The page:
Lawyer Celebrated as Democracy ‘Hero’ Gutted Campaign Finance Laws

From paving the way for super PACs to helping tech companies dodge disclosure rules, Democratic superlawyer Marc Elias has for years worked to empower Big Money political donors.

Lawyer Celebrated as Democracy ‘Hero’ Gutted Campaign Finance Laws

Democratic lawyer Marc Elias emerged as a liberal hero on Twitter in the months leading up to the election as Democrats fought Republicans over vote-by-mail policies. And after Election Day, as Trump attempted to dispute the results, Elias’ profile continued to grow through viral tweets about the president’s poor showing in the courts, making heavy use of the siren emoji.

“Marc E. Elias protected our democracy and American voters. Marc is our national hero!,” one person wrote in a graphic celebrating Elias reaching 300k Twitter followers. “Marc Elias is Ironman,” declared Julie Cohen, co-director of the movie RBG. “Are they going to name you Secretary of Kicking Ass? They should,” suggested verified Twitter account holder Eric Garland. Lawyer and self-described “extreme centrist” Neal Katyal tweeted that “Marc Elias is a true American hero.” 

But before Elias became known as a hero for democracy for helping Democrats prevail over Trump’s lawsuits, he led efforts to weaken campaign finance laws and open the door for big donors to have more influence in politics, including efforts conducted in partnership with the Republican Party. Many of the campaign finance policies Elias has pushed over the years have been vehemently opposed by nonpartisan good government groups with missions to defend democracy and prevent corruption.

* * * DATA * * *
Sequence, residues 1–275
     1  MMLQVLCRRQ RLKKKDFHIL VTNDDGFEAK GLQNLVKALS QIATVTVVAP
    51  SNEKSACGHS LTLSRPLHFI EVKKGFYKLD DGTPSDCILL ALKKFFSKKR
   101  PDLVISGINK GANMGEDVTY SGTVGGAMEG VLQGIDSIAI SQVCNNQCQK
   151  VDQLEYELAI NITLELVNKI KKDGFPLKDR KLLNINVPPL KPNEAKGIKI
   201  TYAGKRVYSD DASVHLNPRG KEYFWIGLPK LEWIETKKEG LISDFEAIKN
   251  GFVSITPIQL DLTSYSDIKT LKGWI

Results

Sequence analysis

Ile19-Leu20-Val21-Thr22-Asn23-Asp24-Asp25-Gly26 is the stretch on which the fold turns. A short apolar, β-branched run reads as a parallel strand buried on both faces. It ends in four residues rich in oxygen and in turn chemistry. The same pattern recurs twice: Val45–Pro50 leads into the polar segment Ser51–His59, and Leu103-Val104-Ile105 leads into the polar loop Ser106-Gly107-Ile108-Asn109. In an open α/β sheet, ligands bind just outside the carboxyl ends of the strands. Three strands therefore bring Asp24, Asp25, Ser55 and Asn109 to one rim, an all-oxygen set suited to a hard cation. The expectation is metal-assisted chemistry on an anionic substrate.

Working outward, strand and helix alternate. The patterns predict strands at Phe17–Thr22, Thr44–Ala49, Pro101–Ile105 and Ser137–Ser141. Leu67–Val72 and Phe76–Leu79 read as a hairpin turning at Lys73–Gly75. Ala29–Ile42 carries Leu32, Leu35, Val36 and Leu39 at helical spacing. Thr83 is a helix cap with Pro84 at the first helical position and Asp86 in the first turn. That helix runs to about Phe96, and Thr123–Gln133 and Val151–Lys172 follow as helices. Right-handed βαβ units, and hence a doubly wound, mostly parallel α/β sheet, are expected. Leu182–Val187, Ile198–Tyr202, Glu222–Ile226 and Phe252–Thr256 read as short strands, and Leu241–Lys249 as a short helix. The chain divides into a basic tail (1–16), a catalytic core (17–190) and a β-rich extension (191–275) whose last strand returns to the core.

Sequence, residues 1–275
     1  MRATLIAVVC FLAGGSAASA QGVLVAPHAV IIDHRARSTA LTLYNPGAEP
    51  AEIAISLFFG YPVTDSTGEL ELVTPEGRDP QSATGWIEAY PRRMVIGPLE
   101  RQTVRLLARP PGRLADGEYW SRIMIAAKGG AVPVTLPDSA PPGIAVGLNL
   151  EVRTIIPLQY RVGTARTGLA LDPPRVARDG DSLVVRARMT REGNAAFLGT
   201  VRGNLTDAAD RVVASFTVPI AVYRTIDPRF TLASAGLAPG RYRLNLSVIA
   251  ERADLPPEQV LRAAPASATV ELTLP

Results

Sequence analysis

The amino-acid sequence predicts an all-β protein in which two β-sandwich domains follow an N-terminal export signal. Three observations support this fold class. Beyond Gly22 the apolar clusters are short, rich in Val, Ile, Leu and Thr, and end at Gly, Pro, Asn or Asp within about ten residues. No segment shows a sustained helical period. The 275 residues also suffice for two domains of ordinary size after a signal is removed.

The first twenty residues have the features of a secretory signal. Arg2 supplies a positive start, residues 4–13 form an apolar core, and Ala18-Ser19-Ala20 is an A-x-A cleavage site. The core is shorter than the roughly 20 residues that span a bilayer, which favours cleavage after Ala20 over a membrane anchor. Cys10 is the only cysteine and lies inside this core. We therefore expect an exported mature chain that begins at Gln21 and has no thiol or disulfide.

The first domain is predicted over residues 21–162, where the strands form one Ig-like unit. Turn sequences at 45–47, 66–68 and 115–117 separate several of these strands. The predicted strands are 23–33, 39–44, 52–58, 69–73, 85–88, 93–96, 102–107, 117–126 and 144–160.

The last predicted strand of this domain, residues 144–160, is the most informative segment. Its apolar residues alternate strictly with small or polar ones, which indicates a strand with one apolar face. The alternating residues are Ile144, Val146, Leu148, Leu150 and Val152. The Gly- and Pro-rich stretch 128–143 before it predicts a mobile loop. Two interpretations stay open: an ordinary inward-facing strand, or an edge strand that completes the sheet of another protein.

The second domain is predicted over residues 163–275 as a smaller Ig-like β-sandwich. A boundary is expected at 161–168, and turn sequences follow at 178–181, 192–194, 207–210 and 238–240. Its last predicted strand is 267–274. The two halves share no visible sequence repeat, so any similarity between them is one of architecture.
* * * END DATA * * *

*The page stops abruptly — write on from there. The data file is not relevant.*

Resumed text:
In 2014, Elias, as a representative of the Democratic National Committee, partnered with the Republican National Committee on a multi-pronged effort to allow the two major parties to raise more money from wealthy donors. Elias and his fellow DNC lawyers co-authored along with their Republian counterparts an advisory opinion request to the Federal Election Commission asking for the parties to be allowed to raise private funds in excess of their contribution limits for their conventions. Despite comments in opposition from public interest groups Campaign Legal Center, Democracy 21, and Public Citizen, which said the request was about “opening new and potentially corrupting avenues of special interest money,” the FEC sided with Elias and his partners and said the parties could raise the funds. 

Elias then worked with Congress to dramatically further increase the amount the parties could take from big donors. According to Politico, Elias worked with former Senate Majority Leader Harry Reid’s (D-Nev.) chief of staff David Krone on a legislative rider that expanded the amount individual donors can give to each of the parties’ various committees from $97,200 to a total of $777,600 per year or $1,555,200 per two-year election cycle. The rider, which was developed in partnership with former House Speaker John Boenher (R-Ohio), said that the party committees could raise funds for new building accounts and legal accounts, and tripled the amount that donors could give to those new funds. It also increased the amount PACs can give to the party organizations. 

The rider has almost certainly benefited Elias and his firm directly in the past six years. It allowed a donor to give up to $291,000 each year to each party’s legal and recount funds, and Elias is the chair of the political law group at Perkins Coie, which has a near-monopoly on providing legal representation to Democrats. It’s impossible to know how much money Elias earns, and he did not respond to a request for comment, but Perkins Coie earns millions in legal fees from the Democratic party committees that benefited from the rider.